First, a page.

Abstract—Although the situations for effective computer technology integration involve ready access to technology, trained teachers, and a favorable learning environment, high-level technology use is still surprisingly low. This means that additional obstacles, particularly related to teachers’ pedagogical beliefs, should be at work. The impact of teachers’ beliefs on classroom instruction specifically in English Language Teaching (ELT) has been paid enough attention by previous researchers, but little research has been conducted to establish a similar relation between teachers’ pedagogical beliefs and classroom uses of computer technology. The first goal of this paper is to define teacher beliefs. The second goal is to discuss the nature of beliefs. The third goal is to explain the process of forming beliefs. The fourth goal is to elaborate the process of changing beliefs. The fifth goal is to discuss the relationship between beliefs, practices, and teacher change. The last goal is examine teacher beliefs, contextual factors, and computer technology usage. It is expected that by gaining a better understanding of this complex relationship we might gain a greater understanding for why more teachers aren’t using computer technology in their classrooms.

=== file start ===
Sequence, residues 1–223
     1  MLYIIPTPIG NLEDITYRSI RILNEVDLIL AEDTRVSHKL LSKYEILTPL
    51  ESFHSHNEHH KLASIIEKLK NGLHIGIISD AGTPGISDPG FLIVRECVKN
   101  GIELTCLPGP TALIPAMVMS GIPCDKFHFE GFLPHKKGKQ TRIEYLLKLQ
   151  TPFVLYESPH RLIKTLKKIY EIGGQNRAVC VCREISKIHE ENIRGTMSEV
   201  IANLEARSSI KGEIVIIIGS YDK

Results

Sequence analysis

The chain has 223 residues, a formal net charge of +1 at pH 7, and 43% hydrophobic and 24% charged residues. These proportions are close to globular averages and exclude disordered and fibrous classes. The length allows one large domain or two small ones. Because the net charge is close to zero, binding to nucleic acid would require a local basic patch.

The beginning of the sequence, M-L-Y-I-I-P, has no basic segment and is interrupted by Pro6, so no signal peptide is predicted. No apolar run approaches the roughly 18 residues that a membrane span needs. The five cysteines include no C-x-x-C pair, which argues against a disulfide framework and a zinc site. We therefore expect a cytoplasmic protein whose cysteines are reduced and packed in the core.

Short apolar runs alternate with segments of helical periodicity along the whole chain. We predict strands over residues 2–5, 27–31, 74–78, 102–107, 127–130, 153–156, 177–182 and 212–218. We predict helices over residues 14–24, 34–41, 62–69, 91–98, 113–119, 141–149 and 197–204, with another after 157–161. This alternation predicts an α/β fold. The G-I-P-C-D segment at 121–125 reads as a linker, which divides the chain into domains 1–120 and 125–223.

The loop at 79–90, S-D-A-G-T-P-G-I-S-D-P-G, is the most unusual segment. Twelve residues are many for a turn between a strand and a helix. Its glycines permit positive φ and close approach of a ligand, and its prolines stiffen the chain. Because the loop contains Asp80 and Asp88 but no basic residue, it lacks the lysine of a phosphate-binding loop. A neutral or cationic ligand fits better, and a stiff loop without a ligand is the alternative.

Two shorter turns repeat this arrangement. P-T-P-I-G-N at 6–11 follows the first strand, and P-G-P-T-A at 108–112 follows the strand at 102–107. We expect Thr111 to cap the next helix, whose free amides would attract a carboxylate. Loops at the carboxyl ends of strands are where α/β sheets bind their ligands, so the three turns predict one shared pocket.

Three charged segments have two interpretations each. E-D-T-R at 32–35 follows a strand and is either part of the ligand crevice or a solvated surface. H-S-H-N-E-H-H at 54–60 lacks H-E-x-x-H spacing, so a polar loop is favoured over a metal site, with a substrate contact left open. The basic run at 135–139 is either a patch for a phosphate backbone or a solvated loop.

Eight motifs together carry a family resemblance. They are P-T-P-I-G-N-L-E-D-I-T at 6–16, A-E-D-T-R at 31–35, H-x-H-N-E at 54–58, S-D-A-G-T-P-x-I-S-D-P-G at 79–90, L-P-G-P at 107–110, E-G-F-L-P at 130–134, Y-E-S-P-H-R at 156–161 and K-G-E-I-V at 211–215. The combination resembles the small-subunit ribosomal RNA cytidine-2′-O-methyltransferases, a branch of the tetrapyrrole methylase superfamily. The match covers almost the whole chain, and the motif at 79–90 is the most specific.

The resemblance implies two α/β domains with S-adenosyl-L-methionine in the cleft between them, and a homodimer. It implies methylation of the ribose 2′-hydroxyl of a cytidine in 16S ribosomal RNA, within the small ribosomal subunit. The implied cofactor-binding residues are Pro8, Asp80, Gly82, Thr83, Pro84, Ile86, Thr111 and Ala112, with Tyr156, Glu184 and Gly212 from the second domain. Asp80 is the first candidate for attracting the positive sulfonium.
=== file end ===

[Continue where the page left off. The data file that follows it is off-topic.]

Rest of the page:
Index Terms—Beliefs, nature, form, change, practices, computer technology, usage
Abbas Pourhosein Gilakjani is with the Faculty Member of English Translation Department of Lahijan Branch, Islamic Azad University, Lahijan, Iran. (e-mail: email@example.com).
Cite: Abbas Pourhosein Gilakjani, "An Analysis of Factors Affecting the Use of Computer Technology in English Language Teaching and Learning," International Journal of Information and Education Technology vol. 2, no. 2, pp. 135-142, 2012.